Wimbledon 2014: Feeble David Ferrer's unexpected fall is more than handy for Andy Murray
Twelve months after the men's draw opened up for Andy Murray en route to his historic Wimbledon triumph, the next highest-ranked player in the Scot's quarter of the draw was knocked out here.
David Ferrer was a potential quarter-final opponent for Murray, but the world No 7 was beaten 6-7, 6-0, 3-6, 6-3, 6-2 by Andrey Kuznetsov, a 23-year-old Russian who is through to the third round of a Grand Slam tournament for the first time in his career.
Kuznetsov, the world No 118, won the junior title here five years ago, though this is the first time in his senior career he has won back-to-back matches on grass. After losing in the first round of qualifying at Halle and Eastbourne, Kuznetsov won his opening match here against Britain's Dan Evans. He now plays Argentina's Leonardo Mayer.
Ferrer was playing in his 47th consecutive Grand Slam tournament. The 32-year-old Spaniard had been attempting to reach the third round of a Slam event for the 19th time in a row but did not play a warm-up tournament in the build-up to Wimbledon because of illness. A quarter-finalist here for the last two years, Ferrer said he had fallen ill at the end of the French Open and had been unable to practise on grass until he arrived here.
The next highest-ranked player in Murray's quarter is now Grigor Dimitrov. The Queen's Club champion won in straight sets for the second round in a row, beating Australia's Luke Saville 6-3, 6-2, 6-4. The Bulgarian said afterwards he had felt "honoured" to play on Centre Court.
"It's every kid's dream," said the world No 13. "I was just really happy to get out there and play a match like that."
Dimitrov's next match promises to be one of the most entertaining of the third round. He faces unpredictable Ukrainian Alexandr Dolgopolov, who beat Benjamin Becker 6-7, 7-6, 6-3, 6-4.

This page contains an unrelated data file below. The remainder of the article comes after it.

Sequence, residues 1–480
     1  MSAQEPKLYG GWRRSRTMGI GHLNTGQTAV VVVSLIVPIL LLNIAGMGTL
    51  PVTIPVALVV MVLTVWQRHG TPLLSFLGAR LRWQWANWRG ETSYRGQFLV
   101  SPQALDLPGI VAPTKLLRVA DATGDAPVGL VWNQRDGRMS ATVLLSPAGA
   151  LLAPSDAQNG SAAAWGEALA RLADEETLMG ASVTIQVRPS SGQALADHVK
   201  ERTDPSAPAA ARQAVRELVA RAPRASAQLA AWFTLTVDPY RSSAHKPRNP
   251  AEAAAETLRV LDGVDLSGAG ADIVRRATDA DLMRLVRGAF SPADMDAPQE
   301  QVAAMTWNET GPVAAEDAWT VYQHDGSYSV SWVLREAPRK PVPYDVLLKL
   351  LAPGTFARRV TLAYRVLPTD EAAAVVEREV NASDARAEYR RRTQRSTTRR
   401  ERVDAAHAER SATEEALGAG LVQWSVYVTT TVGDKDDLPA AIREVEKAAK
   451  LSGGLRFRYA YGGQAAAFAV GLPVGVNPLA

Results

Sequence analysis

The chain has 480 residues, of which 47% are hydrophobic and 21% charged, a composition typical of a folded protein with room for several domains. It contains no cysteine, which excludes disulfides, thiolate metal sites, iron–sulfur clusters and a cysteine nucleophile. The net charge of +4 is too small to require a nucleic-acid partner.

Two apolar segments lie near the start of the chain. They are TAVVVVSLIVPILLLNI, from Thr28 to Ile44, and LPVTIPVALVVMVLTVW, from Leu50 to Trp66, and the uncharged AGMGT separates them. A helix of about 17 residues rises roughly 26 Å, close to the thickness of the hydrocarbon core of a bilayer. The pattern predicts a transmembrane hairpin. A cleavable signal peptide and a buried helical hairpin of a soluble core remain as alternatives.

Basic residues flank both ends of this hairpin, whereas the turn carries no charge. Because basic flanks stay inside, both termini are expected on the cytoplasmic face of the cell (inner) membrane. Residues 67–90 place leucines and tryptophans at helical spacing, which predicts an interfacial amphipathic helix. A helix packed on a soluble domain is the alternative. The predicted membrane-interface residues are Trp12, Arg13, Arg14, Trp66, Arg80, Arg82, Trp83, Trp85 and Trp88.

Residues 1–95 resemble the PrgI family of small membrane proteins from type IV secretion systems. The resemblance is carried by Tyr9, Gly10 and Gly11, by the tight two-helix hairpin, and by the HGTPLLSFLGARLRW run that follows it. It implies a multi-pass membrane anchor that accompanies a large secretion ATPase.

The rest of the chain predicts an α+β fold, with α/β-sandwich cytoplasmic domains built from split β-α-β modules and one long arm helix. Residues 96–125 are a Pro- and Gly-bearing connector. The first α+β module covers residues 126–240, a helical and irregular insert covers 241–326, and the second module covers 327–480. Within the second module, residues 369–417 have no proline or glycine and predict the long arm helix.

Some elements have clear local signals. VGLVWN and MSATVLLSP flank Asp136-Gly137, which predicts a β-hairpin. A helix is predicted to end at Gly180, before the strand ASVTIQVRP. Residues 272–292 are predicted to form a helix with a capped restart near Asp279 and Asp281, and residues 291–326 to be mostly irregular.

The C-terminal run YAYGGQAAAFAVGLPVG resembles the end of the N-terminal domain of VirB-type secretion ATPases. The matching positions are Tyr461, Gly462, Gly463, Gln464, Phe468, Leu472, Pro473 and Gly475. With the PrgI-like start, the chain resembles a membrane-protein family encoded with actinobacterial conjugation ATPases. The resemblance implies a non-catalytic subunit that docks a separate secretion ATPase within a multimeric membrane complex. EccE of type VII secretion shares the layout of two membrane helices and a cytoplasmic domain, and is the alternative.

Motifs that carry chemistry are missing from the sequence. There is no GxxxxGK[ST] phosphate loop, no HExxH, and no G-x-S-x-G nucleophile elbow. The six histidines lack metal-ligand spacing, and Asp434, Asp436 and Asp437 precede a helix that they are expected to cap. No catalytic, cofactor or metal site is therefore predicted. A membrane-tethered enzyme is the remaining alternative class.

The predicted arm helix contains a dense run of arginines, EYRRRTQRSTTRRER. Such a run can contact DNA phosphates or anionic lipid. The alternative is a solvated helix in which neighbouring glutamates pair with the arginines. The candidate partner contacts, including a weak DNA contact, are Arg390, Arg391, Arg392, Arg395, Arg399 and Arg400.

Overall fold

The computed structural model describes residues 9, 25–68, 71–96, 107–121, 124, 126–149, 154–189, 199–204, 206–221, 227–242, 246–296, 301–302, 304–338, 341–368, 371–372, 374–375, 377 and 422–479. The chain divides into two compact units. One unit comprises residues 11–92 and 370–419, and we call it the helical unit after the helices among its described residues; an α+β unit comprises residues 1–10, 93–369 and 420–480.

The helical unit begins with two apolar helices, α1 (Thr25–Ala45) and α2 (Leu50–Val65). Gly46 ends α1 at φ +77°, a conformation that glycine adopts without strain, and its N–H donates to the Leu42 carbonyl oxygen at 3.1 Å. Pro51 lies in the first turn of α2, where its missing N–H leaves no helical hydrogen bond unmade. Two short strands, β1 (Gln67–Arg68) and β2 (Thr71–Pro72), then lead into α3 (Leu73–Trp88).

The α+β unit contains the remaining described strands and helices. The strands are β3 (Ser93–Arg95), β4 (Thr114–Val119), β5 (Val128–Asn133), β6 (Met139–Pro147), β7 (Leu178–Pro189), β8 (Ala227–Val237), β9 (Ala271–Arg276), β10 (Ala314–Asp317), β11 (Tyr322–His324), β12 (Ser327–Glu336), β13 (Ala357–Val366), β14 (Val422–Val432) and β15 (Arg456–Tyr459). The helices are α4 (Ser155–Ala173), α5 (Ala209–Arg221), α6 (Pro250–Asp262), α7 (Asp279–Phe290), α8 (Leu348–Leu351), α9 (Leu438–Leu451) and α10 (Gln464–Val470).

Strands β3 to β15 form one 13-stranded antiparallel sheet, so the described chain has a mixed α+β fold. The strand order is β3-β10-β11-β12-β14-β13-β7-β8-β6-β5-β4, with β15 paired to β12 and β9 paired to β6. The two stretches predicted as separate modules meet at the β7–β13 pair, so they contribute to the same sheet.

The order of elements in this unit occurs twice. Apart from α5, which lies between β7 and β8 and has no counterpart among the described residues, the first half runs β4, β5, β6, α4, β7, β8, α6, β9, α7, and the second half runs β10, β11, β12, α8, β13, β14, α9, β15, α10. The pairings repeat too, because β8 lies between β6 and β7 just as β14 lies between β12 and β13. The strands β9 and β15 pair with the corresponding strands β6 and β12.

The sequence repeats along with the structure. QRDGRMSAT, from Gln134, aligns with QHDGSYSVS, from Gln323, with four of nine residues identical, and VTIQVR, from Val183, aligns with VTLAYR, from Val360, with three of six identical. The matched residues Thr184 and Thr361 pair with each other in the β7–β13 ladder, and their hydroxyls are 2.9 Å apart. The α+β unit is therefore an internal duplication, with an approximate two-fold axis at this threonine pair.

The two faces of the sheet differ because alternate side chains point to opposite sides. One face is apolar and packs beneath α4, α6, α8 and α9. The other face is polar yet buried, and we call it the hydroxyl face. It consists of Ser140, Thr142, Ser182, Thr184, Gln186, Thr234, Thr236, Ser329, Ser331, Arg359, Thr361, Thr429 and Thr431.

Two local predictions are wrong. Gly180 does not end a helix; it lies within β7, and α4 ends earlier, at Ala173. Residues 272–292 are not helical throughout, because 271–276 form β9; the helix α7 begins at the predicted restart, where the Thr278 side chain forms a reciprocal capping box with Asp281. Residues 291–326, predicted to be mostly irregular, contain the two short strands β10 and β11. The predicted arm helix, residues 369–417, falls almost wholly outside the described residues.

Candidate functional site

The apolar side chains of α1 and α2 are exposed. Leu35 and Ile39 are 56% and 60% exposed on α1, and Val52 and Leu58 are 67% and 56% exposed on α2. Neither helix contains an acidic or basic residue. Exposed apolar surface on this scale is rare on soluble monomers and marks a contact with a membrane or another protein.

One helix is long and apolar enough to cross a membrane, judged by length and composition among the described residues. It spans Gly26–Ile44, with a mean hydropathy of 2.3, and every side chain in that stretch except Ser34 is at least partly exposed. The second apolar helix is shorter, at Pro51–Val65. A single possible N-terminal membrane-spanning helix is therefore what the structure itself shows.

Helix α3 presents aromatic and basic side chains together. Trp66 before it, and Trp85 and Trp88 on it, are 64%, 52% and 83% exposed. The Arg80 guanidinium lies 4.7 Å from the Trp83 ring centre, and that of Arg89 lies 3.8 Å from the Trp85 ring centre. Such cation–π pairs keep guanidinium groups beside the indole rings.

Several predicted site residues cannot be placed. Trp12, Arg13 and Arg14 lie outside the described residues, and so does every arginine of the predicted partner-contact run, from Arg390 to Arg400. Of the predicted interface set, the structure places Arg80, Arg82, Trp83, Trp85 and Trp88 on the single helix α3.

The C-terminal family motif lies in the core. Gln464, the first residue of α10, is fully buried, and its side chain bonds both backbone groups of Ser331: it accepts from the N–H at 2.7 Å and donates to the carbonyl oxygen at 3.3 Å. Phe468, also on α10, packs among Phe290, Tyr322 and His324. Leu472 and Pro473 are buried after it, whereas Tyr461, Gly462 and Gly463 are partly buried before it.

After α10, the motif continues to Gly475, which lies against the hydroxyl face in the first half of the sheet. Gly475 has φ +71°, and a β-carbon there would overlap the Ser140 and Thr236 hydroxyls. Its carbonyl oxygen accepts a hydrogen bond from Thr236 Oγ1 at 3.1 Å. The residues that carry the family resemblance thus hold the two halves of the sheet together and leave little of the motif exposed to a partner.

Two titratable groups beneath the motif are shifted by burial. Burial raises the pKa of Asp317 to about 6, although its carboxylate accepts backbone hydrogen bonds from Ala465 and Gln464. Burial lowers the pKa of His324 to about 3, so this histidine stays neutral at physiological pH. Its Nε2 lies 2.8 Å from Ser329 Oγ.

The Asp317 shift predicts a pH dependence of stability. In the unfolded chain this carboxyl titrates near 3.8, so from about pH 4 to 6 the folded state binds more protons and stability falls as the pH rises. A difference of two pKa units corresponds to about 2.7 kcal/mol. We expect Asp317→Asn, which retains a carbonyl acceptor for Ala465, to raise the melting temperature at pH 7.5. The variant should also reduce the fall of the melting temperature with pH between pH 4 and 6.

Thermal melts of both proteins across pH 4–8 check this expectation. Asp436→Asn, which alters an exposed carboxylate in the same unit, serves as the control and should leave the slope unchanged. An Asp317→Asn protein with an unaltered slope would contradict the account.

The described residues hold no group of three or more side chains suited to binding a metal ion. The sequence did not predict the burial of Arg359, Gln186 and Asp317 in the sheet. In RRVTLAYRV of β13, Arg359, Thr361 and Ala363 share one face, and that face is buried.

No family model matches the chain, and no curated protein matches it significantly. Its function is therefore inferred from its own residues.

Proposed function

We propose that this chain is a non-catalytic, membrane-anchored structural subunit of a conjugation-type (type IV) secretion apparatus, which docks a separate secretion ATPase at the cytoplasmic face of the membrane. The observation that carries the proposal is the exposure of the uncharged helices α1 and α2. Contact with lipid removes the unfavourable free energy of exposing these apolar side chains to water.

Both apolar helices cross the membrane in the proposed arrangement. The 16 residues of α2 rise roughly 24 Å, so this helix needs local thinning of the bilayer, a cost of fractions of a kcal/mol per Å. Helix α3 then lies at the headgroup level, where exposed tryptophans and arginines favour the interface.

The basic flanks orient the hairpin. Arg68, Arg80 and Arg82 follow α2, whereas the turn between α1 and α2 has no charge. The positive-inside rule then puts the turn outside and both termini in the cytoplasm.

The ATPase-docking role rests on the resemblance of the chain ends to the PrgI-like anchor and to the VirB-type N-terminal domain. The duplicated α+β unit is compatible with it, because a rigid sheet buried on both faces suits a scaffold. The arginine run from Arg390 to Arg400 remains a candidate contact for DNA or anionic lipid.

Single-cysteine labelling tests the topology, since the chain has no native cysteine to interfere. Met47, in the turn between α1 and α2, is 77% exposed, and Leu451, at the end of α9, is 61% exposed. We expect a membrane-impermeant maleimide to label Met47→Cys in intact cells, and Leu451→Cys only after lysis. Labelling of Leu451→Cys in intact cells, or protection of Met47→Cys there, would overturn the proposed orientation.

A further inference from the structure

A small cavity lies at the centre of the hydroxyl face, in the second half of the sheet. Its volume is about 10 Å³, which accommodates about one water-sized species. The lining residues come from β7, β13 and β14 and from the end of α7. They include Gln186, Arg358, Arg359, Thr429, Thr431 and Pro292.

Murray or Roberto Bautista Agut will face a fourth-round meeting with either South Africa's Kevin Anderson or Italy's Fabio Fognini, whose third-round encounter will be a real contrast of styles. Anderson, who beat édouard Roger-Vasselin 7-6, 1-6, 6-3, 6-4, has a big game and a huge serve, while Fognini, who beat Tim Puetz 2-6, 6-4, 7-6, 6-3, is flashy but unpredictable.
Novak Djokovic, the top seed, was pushed hard by veteran Czech Radek Stepanek but won 6-4, 6-3, 6-7, 7-6 after more than three-and-a-quarter hours.
Stepanek, who beat Murray at Queen's Club a fortnight ago, came from behind to win the tie-break in the third set and made the Serb fight all the way in the fourth.
Djokovic is on course for a quarter-final against Tomas Berdych, who won a potentially tricky second-round clash against Australia's Bernard Tomic 4-6, 7-6, 7-6, 6-1.
Paul Scholes: Manchester City were so good against Liverpool I felt like turning the television off
Diego Costa injury: Chelsea striker a doubt for Everton match after suffering muscle injury
Arsenal vs Besiktas player ratings: Alexis Sanchez? Jack Wilshere? Mesut Ozil? Who was the star man at the Emirates Stadium?
Champions League draw: Liverpool meet Real Madrid, but should they fear facing the reigning champions?
William Carvalho to Manchester United: Midfielder on the cards for Louis van Gaal after Arturo Vidal doubts grow
- 2 Joan Rivers: 'Palestinians deserve to be dead'
- 3 Daily Show's Jon Stewart destroys Fox News for its Ferguson coverage
Exclusive: We share blame for creating 'jihad generation', says Muslim strategist
Robin Williams Emmys tribute led by Billy Crystal criticised for including 'racist' joke about Muslim woman
The Rotherham child abuse scandal is a tale of apologists, misogyny and double standards
Scottish independence TV debate: Pumped-up Alex Salmond bounces back in bruising second round against Alistair Darling
Do you realise just how foolish the UK looks?
Ukip Douglas Carswell defection: Tory MP jumps ship to join Nigel Farage